But that’s almost necessarily not the case with the majority of gay men and women – more men than women, I think – whose attempts at finding peace by conforming to a sexual life they can’t sustain often end up sadly.
|NOW, LET’S DELIGHT IN ANOTHER’S CHAGRIN|
A Hollywood masseur has alleged that John Travolta propositioned him for sex during a massage, and is suing for $2 million. Now, Heeb’s Mark Dommu writes, “John Travolta Blames Gay Hollywood Jews for Own Homosexuality.”
The suit alleges, according to Dommu, that “Defendant began screaming at Plaintiff, telling Plaintiff how selfish he was; that Defendant got to where he is now due to sexual favors he had performed when he was in his Welcome Back, Kotter days; and that Hollywood is controlled by homosexual Jewish men who expect favors in return for sexual activity. Defendant then went on to say how he had done things in his past that would make most people throw up.”
Absolutely true, I watched Welcome Back, Kotter!
|TOO MANY MINORITIES IS JUST RIGHT|
Finally, file this under “Only in America,” really. Erika Davis is a Brooklyn based, Black lesbian who recently converted to Judaism and is now known as Batya bat Avraham and Sarah. Just that in itself should be enough of a recommendation for a visit. But she also contributes a thought to our discussion today (our blogalogue?) with her entry “Hate Breeds Hate & Love Breeds Love?”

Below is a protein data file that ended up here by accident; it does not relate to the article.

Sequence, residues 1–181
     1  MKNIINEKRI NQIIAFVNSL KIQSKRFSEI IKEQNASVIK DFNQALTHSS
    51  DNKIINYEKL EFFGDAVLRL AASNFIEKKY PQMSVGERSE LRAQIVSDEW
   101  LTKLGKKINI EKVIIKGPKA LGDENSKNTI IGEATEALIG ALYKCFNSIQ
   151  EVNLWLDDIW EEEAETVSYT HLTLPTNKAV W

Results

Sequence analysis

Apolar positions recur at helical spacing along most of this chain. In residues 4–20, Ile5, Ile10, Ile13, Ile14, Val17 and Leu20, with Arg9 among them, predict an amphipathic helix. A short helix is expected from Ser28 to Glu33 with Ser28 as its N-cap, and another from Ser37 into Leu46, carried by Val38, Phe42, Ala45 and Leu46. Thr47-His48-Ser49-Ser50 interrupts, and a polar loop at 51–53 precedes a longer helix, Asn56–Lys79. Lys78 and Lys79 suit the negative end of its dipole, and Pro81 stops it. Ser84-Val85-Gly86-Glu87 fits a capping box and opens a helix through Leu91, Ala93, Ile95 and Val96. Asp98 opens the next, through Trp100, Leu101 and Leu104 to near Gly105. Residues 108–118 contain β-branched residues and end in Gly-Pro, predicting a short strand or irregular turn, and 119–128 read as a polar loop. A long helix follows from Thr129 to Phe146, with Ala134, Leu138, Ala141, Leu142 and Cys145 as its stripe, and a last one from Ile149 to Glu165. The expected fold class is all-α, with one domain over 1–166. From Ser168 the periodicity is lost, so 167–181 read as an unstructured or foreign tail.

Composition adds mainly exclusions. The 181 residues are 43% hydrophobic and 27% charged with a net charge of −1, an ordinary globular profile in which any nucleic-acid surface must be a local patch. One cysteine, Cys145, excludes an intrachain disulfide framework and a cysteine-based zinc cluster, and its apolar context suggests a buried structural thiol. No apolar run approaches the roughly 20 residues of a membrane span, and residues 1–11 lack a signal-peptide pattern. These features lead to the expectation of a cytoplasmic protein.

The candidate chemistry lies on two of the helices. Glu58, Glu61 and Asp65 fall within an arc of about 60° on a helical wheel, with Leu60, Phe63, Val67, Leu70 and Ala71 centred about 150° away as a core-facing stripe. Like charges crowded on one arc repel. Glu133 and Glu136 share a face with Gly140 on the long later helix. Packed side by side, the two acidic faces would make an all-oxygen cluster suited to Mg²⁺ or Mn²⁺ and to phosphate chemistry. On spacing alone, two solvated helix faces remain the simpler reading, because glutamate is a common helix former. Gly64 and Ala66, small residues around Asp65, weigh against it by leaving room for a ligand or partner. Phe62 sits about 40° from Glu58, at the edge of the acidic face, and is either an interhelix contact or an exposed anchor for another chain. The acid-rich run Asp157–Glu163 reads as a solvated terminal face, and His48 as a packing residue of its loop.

She writes: “Unlike being born female, black and gay-things I do not control, I chose to become a Jew. Not to check off another box, not to join the minority Olympics, not to be more unique, but because Judaism is where I found God.”
She writes a whole lot more, and some of it is rough stuff. But in the end, she, too, is yearning to be accepted, tough dyke and all.
This is where we may have to invite our halachic leaders to leap over intellectual certainties which cannot be denied, to a less exact realm, the realm of feelings and senses. I know, it sounds too hippie for words, but I’m not sure what else is there for our fellow homosexual yet God fearing and mishpoche seeking Jews who simply don’t wish to go away.
About the Author: Tibbi Singer is a veteran contributor to publications such as Israel Shelanu and the US supplement of Yedioth, and Jewish Business News.The author's opinion does not necessarily reflect the opinion of The Jewish Press.
If you don't see your comment after publishing it, refresh the page.
Our comments section is intended for meaningful responses and debates in a civilized manner. We ask that you respect the fact that we are a religious Jewish website and avoid inappropriate language at all cost.
If you promote any foreign religions, gods or messiahs, lies about Israel, anti-Semitism, or advocate violence (except against terrorists), your permission to comment may be revoked.